Friday, April 5, 2024

A Solo Adventure in El Salvador: A 5-Day Itinerary

El Salvador, the smallest country in Central America, offers a rich tapestry of experiences for those looking to explore its vibrant culture, natural beauty, and historical sites. In just five days, I managed to cover a variety of attractions, making it an ideal destination for a week-long trip. With well-maintained roads and affordable car rentals, getting around is both convenient and economical. Here’s a detailed account of my solo adventure in El Salvador.

I was able to arrange a rental car with the hotel/casa owner I was going to be staying at for the first and last nights of arrival and departure into the country, which was very close to the airport. The rate quoted at the time was $30USD/day which was a good deal as it included a $500 deductible with insurance.

Pupusa, a flat bread
made out of corn/rice flour
stuffed with beans or meat, and cheese
Day 1 (Arrival into El Salvador): 
Arrival: My flight touched down at 8 PM local time. Immigration was a two-step process: first, purchasing a $12 "tourist card" (cash only), and then presenting it to the immigration officer. The entire procedure took about 30 minutes, depending on the number of arrivals. 

Accommodation: I stayed near the airport at Casa de Descanso Poder de Dios, a charming place where I had pre-arranged a car rental for $30 per day, including insurance. One of the staff members picked me up from the airport, making my arrival hassle-free.
Santa Ana Centro

Lago de Coatepeque
Day 2 (Santa Ana and San Salvador)
Morning in San Salvador: After a restful night, I picked up my rental car and drove to the capital city, San Salvador, via Highway 5. The journey took about 30-40 minutes. I parked near the centro, where I visited the National Palace, the Metropolitan Cathedral, and the newly established National Library, a modern marvel gifted by China gifted by China. 
San Salvador centre
Brunch: I couldn’t miss trying pupusas, a traditional Salvadoran dish made of corn or rice flour stuffed with beans, meat, and cheese. They were delicious and the perfect fuel for the day ahead. 

Afternoon in Santa Ana: I then drove to Santa Ana, taking a scenic detour to Lake Coatepeque. Despite the haze, the lake offered serene views. I reached Santa Ana around noon and spent the evening exploring the charming Santa Ana Centro, just a short walk from my hotel.

Day 3 (Volcano Santa Ana) After having a sumptuous breakfast at my Santa Ana hotel, I left for the main attraction of my visit the Santa Ana Volcano hike. I started my car ride at around 7:30 am, and it a little more than an hour on the curvy hilly road around lake 

Vista along the hike

Morning Adventure: After a hearty breakfast at my Santa Ana hotel, I set out early for the Santa Ana Volcano hike. The drive to the Cerro Verde car park took a little over an hour along curvy, hilly roads. The park entry fee was $4 ($1 for parking, $3 for entrance).

Hike Details: Guided hikes depart hourly between 9 AM and 11 AM (check timings as they may vary). Joining a group costs $3. The initial part of the hike was gentle, passing through forests and a short road section. The final 3km stretch was steeper, but the effort was rewarded with stunning views of the turquoise crater lake at the summit.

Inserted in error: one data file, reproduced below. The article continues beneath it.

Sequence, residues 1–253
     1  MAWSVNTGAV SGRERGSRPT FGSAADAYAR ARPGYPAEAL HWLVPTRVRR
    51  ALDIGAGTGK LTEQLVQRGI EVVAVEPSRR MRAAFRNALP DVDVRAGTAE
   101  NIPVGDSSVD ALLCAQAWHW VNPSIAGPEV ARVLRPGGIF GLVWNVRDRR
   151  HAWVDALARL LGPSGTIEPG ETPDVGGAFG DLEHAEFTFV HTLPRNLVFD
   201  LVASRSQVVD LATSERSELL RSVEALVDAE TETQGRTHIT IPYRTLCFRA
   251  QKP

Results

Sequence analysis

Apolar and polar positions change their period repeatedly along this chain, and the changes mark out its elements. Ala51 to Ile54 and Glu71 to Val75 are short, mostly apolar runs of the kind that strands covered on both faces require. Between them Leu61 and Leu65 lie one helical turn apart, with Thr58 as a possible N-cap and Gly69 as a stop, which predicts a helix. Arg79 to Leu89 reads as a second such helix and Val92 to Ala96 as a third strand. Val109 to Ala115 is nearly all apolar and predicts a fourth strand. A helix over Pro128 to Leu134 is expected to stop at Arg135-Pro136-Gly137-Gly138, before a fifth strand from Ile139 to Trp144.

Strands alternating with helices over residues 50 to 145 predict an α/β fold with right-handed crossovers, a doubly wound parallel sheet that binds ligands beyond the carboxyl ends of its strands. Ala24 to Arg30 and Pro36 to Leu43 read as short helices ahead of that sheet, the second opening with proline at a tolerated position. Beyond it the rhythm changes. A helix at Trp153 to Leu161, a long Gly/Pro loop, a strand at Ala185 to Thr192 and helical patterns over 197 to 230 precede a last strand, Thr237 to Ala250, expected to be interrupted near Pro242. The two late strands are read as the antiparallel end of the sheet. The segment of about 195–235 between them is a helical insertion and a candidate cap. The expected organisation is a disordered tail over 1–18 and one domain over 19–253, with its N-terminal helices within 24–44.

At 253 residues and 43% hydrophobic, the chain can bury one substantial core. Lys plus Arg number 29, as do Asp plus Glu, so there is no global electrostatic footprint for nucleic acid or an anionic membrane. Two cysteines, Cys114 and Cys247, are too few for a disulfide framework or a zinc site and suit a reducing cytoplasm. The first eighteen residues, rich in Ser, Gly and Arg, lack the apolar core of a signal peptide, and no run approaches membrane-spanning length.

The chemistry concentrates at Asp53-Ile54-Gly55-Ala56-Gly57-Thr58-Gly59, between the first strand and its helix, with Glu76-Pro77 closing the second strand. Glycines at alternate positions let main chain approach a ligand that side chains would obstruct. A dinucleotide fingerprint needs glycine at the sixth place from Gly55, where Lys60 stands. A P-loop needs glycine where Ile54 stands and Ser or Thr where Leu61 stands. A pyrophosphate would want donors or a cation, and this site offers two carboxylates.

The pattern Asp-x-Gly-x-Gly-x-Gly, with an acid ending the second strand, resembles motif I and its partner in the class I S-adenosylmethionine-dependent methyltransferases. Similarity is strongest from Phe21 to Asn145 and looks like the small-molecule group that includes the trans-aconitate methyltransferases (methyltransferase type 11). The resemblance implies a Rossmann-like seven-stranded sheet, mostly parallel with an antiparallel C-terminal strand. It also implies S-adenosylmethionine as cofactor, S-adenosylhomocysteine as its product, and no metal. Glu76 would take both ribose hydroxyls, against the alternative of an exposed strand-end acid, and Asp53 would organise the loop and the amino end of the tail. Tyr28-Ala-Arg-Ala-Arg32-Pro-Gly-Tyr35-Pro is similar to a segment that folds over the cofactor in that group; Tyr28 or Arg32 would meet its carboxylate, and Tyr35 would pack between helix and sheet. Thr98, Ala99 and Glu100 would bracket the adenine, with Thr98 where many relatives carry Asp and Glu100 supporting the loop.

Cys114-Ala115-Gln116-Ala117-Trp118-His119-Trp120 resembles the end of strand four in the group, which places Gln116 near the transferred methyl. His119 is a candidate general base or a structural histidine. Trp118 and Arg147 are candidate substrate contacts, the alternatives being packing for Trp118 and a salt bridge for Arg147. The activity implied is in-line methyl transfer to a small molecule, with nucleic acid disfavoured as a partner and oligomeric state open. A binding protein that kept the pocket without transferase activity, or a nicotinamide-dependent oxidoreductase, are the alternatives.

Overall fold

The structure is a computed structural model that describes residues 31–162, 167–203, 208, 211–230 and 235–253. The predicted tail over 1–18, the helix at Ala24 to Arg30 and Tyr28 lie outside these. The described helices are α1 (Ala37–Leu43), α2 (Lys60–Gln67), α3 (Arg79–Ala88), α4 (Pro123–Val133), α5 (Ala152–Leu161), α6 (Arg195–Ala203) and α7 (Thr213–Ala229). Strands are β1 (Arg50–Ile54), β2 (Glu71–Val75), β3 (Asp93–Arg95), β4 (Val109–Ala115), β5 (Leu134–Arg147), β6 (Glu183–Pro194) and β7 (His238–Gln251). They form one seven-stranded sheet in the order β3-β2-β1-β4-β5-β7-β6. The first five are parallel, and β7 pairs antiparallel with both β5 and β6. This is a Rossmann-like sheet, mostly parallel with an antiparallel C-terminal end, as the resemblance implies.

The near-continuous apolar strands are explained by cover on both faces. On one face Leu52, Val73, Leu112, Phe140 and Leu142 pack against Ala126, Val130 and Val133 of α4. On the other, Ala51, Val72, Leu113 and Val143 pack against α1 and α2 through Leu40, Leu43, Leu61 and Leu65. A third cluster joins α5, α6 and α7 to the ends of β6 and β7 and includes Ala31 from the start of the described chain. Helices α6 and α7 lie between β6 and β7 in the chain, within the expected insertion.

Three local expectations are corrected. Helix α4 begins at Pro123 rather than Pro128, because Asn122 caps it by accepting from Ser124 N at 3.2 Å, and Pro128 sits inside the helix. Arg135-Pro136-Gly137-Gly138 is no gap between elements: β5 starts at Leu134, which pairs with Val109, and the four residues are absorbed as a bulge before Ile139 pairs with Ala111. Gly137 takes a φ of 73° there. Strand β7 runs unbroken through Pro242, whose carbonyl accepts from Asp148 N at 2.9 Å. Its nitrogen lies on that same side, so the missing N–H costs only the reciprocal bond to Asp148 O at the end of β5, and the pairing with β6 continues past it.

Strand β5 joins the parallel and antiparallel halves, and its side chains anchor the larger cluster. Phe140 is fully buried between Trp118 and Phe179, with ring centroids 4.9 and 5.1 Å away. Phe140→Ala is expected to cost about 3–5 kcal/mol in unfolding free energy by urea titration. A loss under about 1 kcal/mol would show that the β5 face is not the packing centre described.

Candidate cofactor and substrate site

Cost Breakdown: Total hike cost: $4 (entry) + $3 (guide) + $6 (volcano entry) = $13

Tazumal


Day 4 (Tazumal Park and Nuevo Cuscatlán)

This was my last day in Santa Ana and I wanted to visit the Tazumal mayan ruins before I left the city. The ruins are about an 30 minutes away by car, and I was able to get to the park which opens at 9am.  There are 2 ar
chaeological sites in Chalchuapa. El Tazumal and La Casa Blanca. Tazumal is a pre-Columbian Maya archeological site inhabited since the Preclassic period and that is as far back as 2000 BC. The fee is 5 USD for foreigners, and you can explore at your own pace. There is a map that tells you the main structures within the site.

Planes de Renderos Lookout
While speaking with the caretaker, he said though much smaller than Tikal in Guatemala it was important for the Mayan civilization and it was one of their first settlements. He also said there were some Japanese archeologists who did the excavation work here. 

My lunch on my way
There is also an underground site which shows the bases below the ground and a museum with some artefacts from that time period. 

I was told not to fly the drone here by the guard, but I'd already flown and captured some footage by then, so I just brought it back after he warned me, but he was generally chill about it.

Afternoon, I reached by Airbnb in Nuevo Custcatán and after a short nap, took a car ride to a lookout point (pic above) about 30 minutes away, where you can get a view the greater San Salvador metro area.

Fish soup with 
a view
La Libertad Coast
Day 5 (La Libertdad) On my final full day, I drove to the coastal province of La Libertad, famous for its surf-friendly waves. While the town's roads are rough, the highway leading there is in excellent condition. I enjoyed flying my drone and had a relaxing lunch at a seaside restaurant, soaking in the beautiful coastal views.

Travel Essentials

Accommodations:

Airline: Avianca

Car Rental: Arranged through the hotel at $30/day with insurance.

Tips for Travelers:

  • Carry cash for tourist cards and some park entries.
  • Confirm hike schedules in advance.
  • Respect local regulations regarding drone usage.

El Salvador is a gem waiting to be discovered, offering a compact yet rich travel experience perfect for a short but fulfilling adventure.